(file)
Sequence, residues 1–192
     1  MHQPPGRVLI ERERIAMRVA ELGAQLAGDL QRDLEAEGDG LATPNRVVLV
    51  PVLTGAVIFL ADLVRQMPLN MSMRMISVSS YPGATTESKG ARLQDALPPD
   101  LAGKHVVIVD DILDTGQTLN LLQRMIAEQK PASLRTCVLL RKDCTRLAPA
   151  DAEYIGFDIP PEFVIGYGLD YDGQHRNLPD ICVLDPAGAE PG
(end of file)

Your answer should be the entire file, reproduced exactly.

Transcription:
Sequence, residues 1–192
     1  MHQPPGRVLI ERERIAMRVA ELGAQLAGDL QRDLEAEGDG LATPNRVVLV
    51  PVLTGAVIFL ADLVRQMPLN MSMRMISVSS YPGATTESKG ARLQDALPPD
   101  LAGKHVVIVD DILDTGQTLN LLQRMIAEQK PASLRTCVLL RKDCTRLAPA
   151  DAEYIGFDIP PEFVIGYGLD YDGQHRNLPD ICVLDPAGAE PG